Those first honking, headlong steps taught the band so much.
When the Seed & Feed Marching Abominable made its debut at the Inman Park Festival parade in 1974, about 30 players wore ill-fitting black suits scavenged from local thrift shops and trimmed at the seams with bright yellow tape to resemble high-school band uniforms. They knew only five tunes.
What the Abominables, as they call themselves, lacked in epaulets and repertoire, however, they made up for with brassy determination. Instead of saving their energy for stretches where the crowd was thickest, they preened and performed nonstop on the lengthy route through the hilly Atlanta neighborhood. The marching band refused to yield, as it were, and by the end of the trek, the wind-instrument players, especially, were red in the face. Most of them, including the baton-twirling “Abominettes,” collapsed in exhaustion.
“The way the band looked at that moment sparked an idea,” says founder and bohemian impresario Kelly Morris. “What if, in the middle of a march, the drums go slower and slower and the band melts into a big death scene in the middle of the street?”
Cued by “Stars and Stripes Forever,” it became the group’s signature shtick, a literal show-stopper, and one of the few constants in this giddy, ever-mutating collective of overaccessorized music-makers.
“During a Snellville parade, [country comic] Jerry Clower was the grand marshal riding with us,” says Morris. “Neither he nor anyone else knew what on earth we were doing when we did this big collapse followed by a moment of silence. The highway patrol got worried. Then a horn started ‘When the Saints Go Marching In,’ and we resumed.”
Since then, the Abominables have evolved, in their anarchic, unabashedly hippie-dippy fashion, into an in-demand, quasi-professional Atlanta institution that struts all over the country at events such as the Spoleto Festival and Austin’s South by Southwest festival. With some professional musicians among the 100 members and the guidance of a “semiconductor,” their sound has grown tighter, while staying gloriously loose. Any starch in the uniforms is purely ironic.
“The band manages to be a parody of a marching band while being … an actual marching band,” says Henry Slack, a founding member and trombone player. “It’s a, well, difficult concept to grasp, but for some reason it works.”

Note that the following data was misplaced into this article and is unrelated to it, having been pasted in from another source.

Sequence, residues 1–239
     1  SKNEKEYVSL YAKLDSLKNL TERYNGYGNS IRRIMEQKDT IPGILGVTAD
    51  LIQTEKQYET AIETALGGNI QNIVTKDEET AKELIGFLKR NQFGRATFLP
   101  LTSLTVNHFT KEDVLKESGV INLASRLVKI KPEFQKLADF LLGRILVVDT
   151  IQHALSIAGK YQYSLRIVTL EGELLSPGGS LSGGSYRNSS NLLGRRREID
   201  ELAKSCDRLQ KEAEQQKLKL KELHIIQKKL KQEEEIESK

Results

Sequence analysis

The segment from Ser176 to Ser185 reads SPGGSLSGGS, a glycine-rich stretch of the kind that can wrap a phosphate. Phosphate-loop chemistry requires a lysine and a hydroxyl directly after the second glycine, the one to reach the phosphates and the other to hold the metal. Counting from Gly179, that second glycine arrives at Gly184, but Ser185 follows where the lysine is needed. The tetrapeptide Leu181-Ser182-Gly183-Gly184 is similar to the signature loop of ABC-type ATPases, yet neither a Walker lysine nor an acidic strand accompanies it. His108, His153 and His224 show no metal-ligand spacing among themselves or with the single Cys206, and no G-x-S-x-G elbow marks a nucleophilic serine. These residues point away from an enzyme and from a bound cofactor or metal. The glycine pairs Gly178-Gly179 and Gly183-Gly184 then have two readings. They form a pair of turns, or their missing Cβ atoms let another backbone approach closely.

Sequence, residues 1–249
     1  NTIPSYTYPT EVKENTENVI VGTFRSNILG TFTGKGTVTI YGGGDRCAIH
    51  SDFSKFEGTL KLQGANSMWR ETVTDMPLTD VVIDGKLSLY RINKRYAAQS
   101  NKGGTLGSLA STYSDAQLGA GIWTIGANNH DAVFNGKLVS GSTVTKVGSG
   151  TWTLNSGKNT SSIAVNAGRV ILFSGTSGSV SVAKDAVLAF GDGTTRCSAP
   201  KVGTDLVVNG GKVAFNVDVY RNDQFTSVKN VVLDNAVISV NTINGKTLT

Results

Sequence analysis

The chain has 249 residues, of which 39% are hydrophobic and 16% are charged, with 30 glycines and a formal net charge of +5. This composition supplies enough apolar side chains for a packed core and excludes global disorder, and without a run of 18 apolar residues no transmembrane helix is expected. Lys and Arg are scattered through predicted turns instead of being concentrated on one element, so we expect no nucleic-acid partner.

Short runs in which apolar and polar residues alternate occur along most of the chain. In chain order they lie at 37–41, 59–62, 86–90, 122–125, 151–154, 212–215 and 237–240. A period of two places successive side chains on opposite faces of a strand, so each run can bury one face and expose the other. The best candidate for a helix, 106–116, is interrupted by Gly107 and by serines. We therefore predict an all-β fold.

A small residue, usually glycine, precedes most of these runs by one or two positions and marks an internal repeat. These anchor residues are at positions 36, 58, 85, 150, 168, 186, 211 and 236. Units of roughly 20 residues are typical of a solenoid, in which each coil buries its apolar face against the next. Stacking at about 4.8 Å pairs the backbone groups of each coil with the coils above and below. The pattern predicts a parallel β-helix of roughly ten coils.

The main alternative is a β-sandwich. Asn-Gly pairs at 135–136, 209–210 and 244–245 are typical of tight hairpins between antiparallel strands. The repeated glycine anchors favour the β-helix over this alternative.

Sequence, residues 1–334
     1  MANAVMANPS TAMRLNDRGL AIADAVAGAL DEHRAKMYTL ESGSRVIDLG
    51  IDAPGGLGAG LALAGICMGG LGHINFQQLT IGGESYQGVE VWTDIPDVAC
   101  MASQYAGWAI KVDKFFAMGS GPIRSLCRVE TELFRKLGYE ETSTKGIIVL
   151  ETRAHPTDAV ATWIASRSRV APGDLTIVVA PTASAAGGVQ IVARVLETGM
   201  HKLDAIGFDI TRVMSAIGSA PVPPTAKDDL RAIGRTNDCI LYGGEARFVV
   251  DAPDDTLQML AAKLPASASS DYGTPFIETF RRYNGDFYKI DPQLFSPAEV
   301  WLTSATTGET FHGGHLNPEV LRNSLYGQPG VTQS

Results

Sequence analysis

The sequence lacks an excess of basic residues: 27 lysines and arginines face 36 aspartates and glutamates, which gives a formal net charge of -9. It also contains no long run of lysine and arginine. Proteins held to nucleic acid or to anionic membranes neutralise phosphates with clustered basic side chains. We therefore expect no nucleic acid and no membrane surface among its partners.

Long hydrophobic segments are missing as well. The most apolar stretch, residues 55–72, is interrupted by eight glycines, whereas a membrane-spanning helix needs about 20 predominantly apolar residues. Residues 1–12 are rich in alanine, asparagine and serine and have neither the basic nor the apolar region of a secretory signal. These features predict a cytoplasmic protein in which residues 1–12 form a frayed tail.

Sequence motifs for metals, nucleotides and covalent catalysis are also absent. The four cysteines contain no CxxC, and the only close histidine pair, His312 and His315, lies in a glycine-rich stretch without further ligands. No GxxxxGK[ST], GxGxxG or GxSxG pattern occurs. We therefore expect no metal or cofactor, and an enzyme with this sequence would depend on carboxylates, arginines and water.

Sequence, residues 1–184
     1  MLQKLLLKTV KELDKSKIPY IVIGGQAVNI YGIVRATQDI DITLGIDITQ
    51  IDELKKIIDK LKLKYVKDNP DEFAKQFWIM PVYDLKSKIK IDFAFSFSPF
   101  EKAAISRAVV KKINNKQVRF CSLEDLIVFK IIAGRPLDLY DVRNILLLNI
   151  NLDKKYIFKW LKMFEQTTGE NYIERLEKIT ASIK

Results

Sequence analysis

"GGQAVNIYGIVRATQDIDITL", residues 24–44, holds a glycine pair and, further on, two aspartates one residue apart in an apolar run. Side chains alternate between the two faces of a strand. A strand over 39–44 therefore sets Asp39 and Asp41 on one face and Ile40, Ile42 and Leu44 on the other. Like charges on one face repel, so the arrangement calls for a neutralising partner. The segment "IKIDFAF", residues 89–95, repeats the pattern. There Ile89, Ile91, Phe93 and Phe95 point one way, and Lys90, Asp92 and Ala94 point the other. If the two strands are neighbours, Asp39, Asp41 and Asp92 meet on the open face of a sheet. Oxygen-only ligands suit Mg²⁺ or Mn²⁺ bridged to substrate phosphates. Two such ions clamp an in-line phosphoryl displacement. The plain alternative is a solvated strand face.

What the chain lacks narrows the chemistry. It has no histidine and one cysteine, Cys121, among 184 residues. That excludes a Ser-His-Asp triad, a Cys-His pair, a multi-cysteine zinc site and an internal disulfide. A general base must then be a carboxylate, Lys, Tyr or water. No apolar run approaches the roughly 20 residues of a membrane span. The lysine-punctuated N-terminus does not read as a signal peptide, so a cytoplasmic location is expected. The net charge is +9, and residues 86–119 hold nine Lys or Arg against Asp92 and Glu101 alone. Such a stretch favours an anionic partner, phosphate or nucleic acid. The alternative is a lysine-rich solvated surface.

You have to see, and, well, hear it to understand the cult following.
“It’s a Mardi Gras version of John Philip Sousa meets Dr. Seuss,” says Charles Bohanan, another trombonist.
Members gather on Tuesdays in the Little Five Points Community Center to rehearse songs such as “Sing, Sing, Sing,” “Louie Louie” and Blondie’s “Call Me.” Like a Friday night football game in a small town, the band’s tubas, drums and cymbals reverberate all over the neighborhood, with some unusual flourishes: a bleating kazoo, the tintinnabulation of a washboard or maybe a didgeridoo—whatever is handy.
“At one point we had four accordion players,” Slack says. “And there are always people who play the triangle.”
Auditions are not required. Nor is musical ability or rhythm. The S&FMA welcomes nonmusical performers, called “Despicables,” to dance in boas and tutus; generate spontaneous street theater; and steer the band around fireplugs.
“I’m the pompom girl,” says a high, sweet voice belonging to Josie Starnes, who, at 77, is the oldest member. (The youngest is 2-and-a-half.) She then begins to shake her demure booty as the band strikes up “Superfreak.”
It all began with one bass drum.
‘Hard to Kill’
“Life without a bass drum is unthinkable,” Morris writes on the group’s website. Never mind that he does not play it or any other instrument. He started the band as a lark when he was operating Kelly’s Seed & Feed Theatre, drawing inspiration from the creative ferment of the times, seen in the politically radical Bread & Puppet and Andy Warhol’s Exploding Plastic Inevitable. For one of its early numbers, the S&FMA appeared in a satirical Tom Cullen play called “Deep South,” which satirized racial stereotypes.
“The band was supposed to represent the ‘white race,’ as in, ‘Look, it’s white people marching and playing their own kind of music!’” Morris says. “They wore their original uniforms, but torn to shreds because they’d supposedly been marching for hundreds of miles on the interstate median, and had gotten lost in the jungle, among other things.”
After the theater disbanded, the band played on. “It’s been hard to kill,” the founder says with a laugh. “I never imagined that it would become this organic community lasting this long.”
Much of its endurance lies in its appeal to a large but undersung schoolyard demographic: the band geek. The Abominables’ recruitment pitch: “Do you miss the sound of a thumping bass drum … Do you need more cow bell?” If, long ago, you grudgingly traded your battered clarinet case for a briefcase, this scene is for you.
“About 10 years into the band’s existence, we did a survey of members about the last time they had played their instruments before joining us,” Morris says. “Most of them had gone for 15 years without playing.”
For them, the S&FMA offered gigs at the Fox, the Woodruff Arts Center and other heady venues, albeit in drag.
“It was envisioned as a band that could march well and play passably,” Morris says. “It turned out to be the opposite.”